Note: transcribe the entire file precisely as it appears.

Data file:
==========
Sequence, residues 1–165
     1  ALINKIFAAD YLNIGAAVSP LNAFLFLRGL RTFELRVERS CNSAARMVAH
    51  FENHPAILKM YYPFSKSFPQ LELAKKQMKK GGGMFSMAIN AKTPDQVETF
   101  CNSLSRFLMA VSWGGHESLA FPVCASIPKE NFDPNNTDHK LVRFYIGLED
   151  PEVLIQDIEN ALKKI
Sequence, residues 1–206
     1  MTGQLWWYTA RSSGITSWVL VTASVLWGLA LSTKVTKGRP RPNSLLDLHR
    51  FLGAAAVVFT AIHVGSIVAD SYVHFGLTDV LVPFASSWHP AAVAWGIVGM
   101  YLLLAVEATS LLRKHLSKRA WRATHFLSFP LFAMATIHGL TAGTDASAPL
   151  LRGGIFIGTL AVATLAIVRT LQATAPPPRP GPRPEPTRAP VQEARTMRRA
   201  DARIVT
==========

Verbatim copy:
Sequence, residues 1–165
     1  ALINKIFAAD YLNIGAAVSP LNAFLFLRGL RTFELRVERS CNSAARMVAH
    51  FENHPAILKM YYPFSKSFPQ LELAKKQMKK GGGMFSMAIN AKTPDQVETF
   101  CNSLSRFLMA VSWGGHESLA FPVCASIPKE NFDPNNTDHK LVRFYIGLED
   151  PEVLIQDIEN ALKKI
Sequence, residues 1–206
     1  MTGQLWWYTA RSSGITSWVL VTASVLWGLA LSTKVTKGRP RPNSLLDLHR
    51  FLGAAAVVFT AIHVGSIVAD SYVHFGLTDV LVPFASSWHP AAVAWGIVGM
   101  YLLLAVEATS LLRKHLSKRA WRATHFLSFP LFAMATIHGL TAGTDASAPL
   151  LRGGIFIGTL AVATLAIVRT LQATAPPPRP GPRPEPTRAP VQEARTMRRA
   201  DARIVT